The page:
A couple of weekends ago, we had a friend over, so I made coffee on a Chemex to supply the group’s caffeine needs. The next morning, I woke up and got my regular, single-serve pourover ready to brew. I heated up the water and adjusted my coffee dose to the right weight. I could taste the fresh coffee while the water got to the right temperature. It was a Monday, I need it. I normally brew on a Kalita Wave, 19g of coffee and 304g of water. I heat my water to 200 degrees and use only purified water (in case you were wondering about my recipe!).
Moving on with the story. When all my brewing ingredients were ready, I noticed I had made a mistake – I forgot to change the grind size! A BIG mistake if you really like brewing and especially if you have a limited supply of your favorite roast. If you don’t know why that matters so much, you can read how grind size affects brew here. In short, the Kalita Wave benefits from a finer grind size than the Chemex for prime extraction. I just couldn’t use that, I had now wasted a grind/whole dose – darn.
I had 19g of coarse ground coffee. I could’ve just made a very small batch of Chemex. But I didn’t want to use a large size filter and that would’ve been too easy. I figured then, I could take my tiny, French press and just brew on it. A French press uses a coarser grind setting so that should’ve worked. Except #1, I absolutely dread cleaning my press and #2, the grind wasn’t coarse enough to prevent some solids seeping through the mesh filter. Not my favorite mouthfeel.
At this point, if you’re not thinking “what a coffee snob!”, I appreciate you. You might also have many different/better solutions, but I recognize not everyone has all the tools available to brew perfect coffee. So here’s where I went off the books…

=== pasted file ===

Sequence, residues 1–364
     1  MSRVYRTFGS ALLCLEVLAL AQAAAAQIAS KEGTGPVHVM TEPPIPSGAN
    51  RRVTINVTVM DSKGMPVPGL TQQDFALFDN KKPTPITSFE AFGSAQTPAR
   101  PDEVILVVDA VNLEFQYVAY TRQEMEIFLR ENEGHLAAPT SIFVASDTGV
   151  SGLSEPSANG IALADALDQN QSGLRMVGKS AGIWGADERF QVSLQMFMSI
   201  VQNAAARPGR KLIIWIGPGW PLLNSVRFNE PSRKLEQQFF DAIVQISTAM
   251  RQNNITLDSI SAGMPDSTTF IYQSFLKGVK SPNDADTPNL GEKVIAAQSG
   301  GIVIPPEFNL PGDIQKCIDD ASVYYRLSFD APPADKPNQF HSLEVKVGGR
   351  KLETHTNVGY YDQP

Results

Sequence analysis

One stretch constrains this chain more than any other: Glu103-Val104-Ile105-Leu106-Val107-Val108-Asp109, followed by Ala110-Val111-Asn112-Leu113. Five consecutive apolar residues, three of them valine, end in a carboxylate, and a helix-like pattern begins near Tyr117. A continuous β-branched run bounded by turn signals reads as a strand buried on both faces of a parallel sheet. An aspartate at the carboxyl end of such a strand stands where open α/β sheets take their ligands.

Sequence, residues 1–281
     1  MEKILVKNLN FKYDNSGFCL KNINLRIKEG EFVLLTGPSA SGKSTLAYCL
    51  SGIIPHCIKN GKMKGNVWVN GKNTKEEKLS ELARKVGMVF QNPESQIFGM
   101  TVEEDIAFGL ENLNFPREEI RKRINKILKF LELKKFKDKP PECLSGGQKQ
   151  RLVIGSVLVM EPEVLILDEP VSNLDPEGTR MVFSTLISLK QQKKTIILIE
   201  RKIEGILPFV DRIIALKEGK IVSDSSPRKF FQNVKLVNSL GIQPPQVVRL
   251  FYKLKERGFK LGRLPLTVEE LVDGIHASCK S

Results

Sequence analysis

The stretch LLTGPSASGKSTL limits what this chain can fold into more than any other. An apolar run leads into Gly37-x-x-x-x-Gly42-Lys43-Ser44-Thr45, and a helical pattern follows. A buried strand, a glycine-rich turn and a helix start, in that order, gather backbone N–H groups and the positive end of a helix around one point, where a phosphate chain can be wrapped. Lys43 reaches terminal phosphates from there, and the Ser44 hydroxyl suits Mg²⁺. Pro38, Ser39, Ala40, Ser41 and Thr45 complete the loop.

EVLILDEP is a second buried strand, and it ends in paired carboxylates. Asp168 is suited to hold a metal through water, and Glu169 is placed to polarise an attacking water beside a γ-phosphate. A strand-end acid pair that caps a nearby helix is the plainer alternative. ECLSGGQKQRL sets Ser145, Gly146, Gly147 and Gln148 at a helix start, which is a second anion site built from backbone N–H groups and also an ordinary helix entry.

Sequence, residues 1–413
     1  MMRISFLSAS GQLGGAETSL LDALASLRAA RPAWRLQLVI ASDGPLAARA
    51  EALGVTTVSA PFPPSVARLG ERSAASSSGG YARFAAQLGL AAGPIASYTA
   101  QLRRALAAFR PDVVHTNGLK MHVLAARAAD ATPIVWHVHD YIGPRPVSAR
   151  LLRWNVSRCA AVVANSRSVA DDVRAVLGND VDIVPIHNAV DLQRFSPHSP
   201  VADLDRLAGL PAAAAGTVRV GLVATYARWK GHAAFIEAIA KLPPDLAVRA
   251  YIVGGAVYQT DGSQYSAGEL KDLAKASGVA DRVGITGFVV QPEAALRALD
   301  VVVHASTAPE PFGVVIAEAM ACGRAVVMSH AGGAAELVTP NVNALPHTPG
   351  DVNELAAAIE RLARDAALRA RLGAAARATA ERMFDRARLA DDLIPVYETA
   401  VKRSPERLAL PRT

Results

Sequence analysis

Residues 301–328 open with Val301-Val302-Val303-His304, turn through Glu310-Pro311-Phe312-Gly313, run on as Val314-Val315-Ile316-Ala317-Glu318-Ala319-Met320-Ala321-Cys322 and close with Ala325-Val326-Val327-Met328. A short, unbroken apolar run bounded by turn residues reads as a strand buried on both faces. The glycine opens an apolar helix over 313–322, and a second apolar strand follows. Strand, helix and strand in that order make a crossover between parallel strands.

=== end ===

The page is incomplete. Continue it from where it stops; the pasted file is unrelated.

I took my Kalita paper filter and attached it to my French press. This would allow me to filter most of the small particles and get a cleaner, well-infused extraction of coffee with the unexpected grind size. I used the same amount of water from my original recipe and let it steep for about 4 minutes. To press it, I first wet my filter contraption to reduce friction in the Chemex, but mostly to remove any papery flavor notes(I guess I’m still a snob).
Needless to say, it was an alright brew. The Ethiopian notes came through clearly and I was not sipping through tons of sediment. The best part is that I didn’t waste a large Chemex filter or a dose of ground coffee – plus I learned two things with my experience.
Being flexible for the sake of sustainability. Sometimes, I think, “I’ll just grind more coffee, or I’ll sacrifice a bigger paper filter, it doesn’t matter.” But it’s in the details. Today it might be extra coffee, tomorrow you will be buying a whole new bicycle to avoid fixing the one you have. A small piece can make all the difference. Don’t dump it, fix it!
Get creative. Don’t let your preconceptions get the best of you or your brew. After all, the best recipes for coffee brewing and studies on extraction have come out of trial and error. Remember, the best tool you have is your palate.
So I hope this story sparks innovative ways to best use your coffee resources and never give up on your brew. As you explore new flavors and techniques in your coffee journey, be conscious about the way you use your beans and your equipment. #WeGrindYouBrew
In hindsight, I could’ve just made cold brew…